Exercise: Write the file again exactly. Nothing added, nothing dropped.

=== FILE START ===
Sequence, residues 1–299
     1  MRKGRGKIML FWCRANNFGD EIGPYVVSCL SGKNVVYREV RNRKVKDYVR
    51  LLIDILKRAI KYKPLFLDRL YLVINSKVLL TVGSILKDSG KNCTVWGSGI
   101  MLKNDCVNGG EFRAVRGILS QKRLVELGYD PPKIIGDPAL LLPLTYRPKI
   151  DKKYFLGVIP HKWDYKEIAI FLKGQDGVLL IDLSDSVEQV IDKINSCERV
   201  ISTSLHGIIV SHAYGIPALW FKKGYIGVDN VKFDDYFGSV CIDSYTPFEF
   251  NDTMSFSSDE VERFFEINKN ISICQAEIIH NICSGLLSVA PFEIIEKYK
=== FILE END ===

Sequence, residues 1–299
     1  MRKGRGKIML FWCRANNFGD EIGPYVVSCL SGKNVVYREV RNRKVKDYVR
    51  LLIDILKRAI KYKPLFLDRL YLVINSKVLL TVGSILKDSG KNCTVWGSGI
   101  MLKNDCVNGG EFRAVRGILS QKRLVELGYD PPKIIGDPAL LLPLTYRPKI
   151  DKKYFLGVIP HKWDYKEIAI FLKGQDGVLL IDLSDSVEQV IDKINSCERV
   201  ISTSLHGIIV SHAYGIPALW FKKGYIGVDN VKFDDYFGSV CIDSYTPFEF
   251  NDTMSFSSDE VERFFEINKN ISICQAEIIH NICSGLLSVA PFEIIEKYK